If you want to purchase some locking tuners, expect a full set to cost around $50 and upwards. You can get them for a bit cheaper, but they’re likely to not be as high quality.
However, if you simply need some new machine heads, then it might be worth paying a bit extra for locking tuners instead of traditional ones. Normal tuners cost around $25. So which one you get mainly depends on if the better tuning stability and quicker string changes are worth the extra money.
Cons: They Can Be Heavy
Another disadvantage of locking tuners, is that they are a bit heavier than traditional tuners. The weight difference isn’t huge though. Locking tuners are usually 0.5-1.0 ounces (15-30 grams) heavier than traditional tuners.
however it can affect the balance of your guitar as the headstock weight increases. This is more of an issue if you’re used to playing stood up. However, it’s not a huge disadvantage, as you’ll probably get used to the weight difference very quickly, or sometimes not even notice it at all.
Cons: Some Guitars Need Modifications
Another disadvantage of locking tuners, is that they require installation, which on some guitars can require some modification to the headstock, if you don’t purchase ones that are completely compatible. In some cases you’ll need to drill holes in the headstock and make additional adjustments to properly install them.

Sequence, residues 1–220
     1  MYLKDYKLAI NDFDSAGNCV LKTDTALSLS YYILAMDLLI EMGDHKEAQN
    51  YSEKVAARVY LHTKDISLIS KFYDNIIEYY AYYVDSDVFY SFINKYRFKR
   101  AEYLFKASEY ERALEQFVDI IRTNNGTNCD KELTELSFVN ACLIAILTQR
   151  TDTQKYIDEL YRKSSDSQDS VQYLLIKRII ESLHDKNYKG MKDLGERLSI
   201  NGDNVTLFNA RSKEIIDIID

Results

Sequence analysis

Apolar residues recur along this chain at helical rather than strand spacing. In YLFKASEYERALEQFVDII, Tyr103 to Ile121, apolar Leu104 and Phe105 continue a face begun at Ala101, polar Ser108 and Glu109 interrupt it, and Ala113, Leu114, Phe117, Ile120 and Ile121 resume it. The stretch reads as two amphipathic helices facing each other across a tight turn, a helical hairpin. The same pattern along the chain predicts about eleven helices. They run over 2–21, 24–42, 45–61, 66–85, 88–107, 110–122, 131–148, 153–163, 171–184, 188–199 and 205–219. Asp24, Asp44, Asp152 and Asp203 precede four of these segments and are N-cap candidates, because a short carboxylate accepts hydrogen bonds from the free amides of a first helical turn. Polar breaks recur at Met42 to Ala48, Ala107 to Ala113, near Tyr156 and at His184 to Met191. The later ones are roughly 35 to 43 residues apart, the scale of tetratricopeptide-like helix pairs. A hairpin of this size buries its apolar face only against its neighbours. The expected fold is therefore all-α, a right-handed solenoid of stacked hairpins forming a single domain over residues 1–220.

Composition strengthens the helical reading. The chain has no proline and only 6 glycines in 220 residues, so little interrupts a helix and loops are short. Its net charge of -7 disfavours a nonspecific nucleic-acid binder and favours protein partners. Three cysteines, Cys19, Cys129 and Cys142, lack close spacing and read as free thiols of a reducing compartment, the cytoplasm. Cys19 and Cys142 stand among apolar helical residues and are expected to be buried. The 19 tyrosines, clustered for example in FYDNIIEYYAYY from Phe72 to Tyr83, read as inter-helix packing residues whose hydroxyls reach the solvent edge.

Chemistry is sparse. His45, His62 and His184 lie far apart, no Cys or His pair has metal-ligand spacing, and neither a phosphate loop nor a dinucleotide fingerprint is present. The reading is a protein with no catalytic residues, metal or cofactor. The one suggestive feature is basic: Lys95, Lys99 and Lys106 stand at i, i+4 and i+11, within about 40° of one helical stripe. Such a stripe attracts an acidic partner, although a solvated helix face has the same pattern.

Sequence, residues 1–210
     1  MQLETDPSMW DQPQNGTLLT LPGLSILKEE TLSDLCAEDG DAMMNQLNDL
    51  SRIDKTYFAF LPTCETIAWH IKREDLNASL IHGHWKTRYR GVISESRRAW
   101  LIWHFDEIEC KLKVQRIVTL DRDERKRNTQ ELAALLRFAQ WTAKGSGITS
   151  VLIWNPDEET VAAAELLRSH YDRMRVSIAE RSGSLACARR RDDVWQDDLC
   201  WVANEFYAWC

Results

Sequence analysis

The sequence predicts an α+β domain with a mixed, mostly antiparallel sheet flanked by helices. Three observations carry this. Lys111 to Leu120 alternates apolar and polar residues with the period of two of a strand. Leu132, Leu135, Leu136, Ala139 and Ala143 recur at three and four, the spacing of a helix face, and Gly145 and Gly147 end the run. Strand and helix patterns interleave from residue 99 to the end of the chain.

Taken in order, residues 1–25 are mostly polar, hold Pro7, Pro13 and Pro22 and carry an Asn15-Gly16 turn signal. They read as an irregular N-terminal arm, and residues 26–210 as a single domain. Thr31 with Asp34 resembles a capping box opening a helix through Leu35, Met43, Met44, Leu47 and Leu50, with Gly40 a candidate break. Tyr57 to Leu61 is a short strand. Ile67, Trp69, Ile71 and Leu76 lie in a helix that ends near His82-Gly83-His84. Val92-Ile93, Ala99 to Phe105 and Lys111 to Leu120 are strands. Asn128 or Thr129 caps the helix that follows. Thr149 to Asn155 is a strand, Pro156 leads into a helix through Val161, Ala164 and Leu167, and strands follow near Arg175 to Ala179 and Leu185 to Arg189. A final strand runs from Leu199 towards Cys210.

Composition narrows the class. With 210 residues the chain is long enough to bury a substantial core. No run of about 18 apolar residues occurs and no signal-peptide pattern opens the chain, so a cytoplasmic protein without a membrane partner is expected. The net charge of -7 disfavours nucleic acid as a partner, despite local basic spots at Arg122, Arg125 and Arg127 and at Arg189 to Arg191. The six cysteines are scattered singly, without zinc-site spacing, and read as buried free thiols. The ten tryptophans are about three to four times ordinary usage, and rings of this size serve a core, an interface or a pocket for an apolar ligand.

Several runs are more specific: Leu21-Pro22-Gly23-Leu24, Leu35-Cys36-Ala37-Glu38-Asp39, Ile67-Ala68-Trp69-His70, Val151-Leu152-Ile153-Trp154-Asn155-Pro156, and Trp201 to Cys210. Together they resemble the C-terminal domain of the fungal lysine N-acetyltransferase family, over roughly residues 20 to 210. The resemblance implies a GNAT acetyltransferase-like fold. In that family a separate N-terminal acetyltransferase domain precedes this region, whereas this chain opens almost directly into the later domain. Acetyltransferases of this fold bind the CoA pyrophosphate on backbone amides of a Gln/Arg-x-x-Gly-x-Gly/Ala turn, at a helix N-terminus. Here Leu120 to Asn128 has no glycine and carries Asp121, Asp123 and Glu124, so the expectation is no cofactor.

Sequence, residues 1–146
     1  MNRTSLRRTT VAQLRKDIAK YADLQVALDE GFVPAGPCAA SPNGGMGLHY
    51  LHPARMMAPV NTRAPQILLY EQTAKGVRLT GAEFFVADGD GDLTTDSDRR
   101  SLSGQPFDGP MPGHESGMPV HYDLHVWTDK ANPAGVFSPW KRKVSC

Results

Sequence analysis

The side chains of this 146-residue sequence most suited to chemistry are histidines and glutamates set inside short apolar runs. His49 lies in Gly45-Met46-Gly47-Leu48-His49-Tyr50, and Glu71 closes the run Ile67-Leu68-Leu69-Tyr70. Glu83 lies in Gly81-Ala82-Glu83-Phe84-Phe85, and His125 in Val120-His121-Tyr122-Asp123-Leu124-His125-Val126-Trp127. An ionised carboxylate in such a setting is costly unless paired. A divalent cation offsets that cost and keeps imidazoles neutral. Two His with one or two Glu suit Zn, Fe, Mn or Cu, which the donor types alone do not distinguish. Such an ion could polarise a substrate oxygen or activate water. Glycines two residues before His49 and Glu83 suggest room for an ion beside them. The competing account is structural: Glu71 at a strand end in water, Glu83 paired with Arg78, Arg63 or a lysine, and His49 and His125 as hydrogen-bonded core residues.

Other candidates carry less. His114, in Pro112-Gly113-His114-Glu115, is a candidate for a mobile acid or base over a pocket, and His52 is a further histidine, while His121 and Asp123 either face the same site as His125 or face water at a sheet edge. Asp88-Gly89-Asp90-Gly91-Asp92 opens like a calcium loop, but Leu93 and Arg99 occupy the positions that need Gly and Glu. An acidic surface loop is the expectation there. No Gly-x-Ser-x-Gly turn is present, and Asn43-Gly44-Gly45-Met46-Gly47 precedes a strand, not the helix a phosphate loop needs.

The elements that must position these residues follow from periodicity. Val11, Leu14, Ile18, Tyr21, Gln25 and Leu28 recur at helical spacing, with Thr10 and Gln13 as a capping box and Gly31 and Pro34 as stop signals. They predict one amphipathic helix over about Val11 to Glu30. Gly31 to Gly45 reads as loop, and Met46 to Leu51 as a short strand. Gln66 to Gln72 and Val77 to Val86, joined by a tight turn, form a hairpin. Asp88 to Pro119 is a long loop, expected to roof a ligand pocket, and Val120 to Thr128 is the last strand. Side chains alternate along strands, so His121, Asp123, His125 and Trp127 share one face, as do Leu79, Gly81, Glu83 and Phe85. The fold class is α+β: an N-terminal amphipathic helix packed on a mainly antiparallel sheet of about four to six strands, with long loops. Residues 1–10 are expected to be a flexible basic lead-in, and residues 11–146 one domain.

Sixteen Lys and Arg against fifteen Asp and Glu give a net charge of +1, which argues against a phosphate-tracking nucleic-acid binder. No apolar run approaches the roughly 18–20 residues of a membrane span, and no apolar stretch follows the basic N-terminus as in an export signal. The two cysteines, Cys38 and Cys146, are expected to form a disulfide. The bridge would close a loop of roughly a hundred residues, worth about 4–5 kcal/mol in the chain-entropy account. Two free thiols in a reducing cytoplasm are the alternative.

This is really important, because if they are installed incorrectly, then you’ll get even more issues with tuning stability etc. than you had with traditional tuners.
Unless you know what you’re doing, then you’ll need to get a professional to install the locking tuners for you. This increases the cost even more.
Cons: They Don't Stop your Guitar Going out of Tune
This isn’t a disadvantage of locking tuners compared to traditional tuners, but it’s worth mentioning that locking tuners don’t prevent your guitar going out of tune.
There are many different factors that make your guitar go out of tune like:
- The way the string is sat in the nut
- The intonation of the guitar
- If the strings are worn out
- Poor capo placement
- Humidity and temperature changes
- The tuning peg
The Best Locking Tuners
Now if you’ve decided that you want to go ahead and make the upgrade to locking tuners, then you’re probably wondering what the best ones actually are. So here’s a quick rundown of the best locking tuners. You’ll need to make sure you purchase locking tuners that are compatible with your guitar’s headstock, unless you want to make some modifications.
Fender Locking Tuners
If you own a Fender made guitar, then you can’t really go wrong with the Fender Locking Tuners. They are designed to fit most Stratocasters, Telecasters, Jazz and Jaguar models and come in at a very reasonable price. They are only meant for an inline 6 headstock configuration, so they won’t work with a 3×3 headstock.
hipshot grip locking tuners
The Hipshot Grip Locking Tuners are another great option. They have a chrome finish and the heads fit most electric guitars. They’re easy to work and really great value for money.
schaller locking tuning machine heads
This is a great option if you have a 3×3 headstock configuration. They’re clean looking and great value. They are premium locking tuners, so expect to pay a bit more, but I was surprised at how cheap I could find them on Guitar Center.
So there you go! That’s how to decide if locking tuners are actually worth it for you! I hope you’ve found this article helpful, thanks for reading. Here are some other posts you might find useful: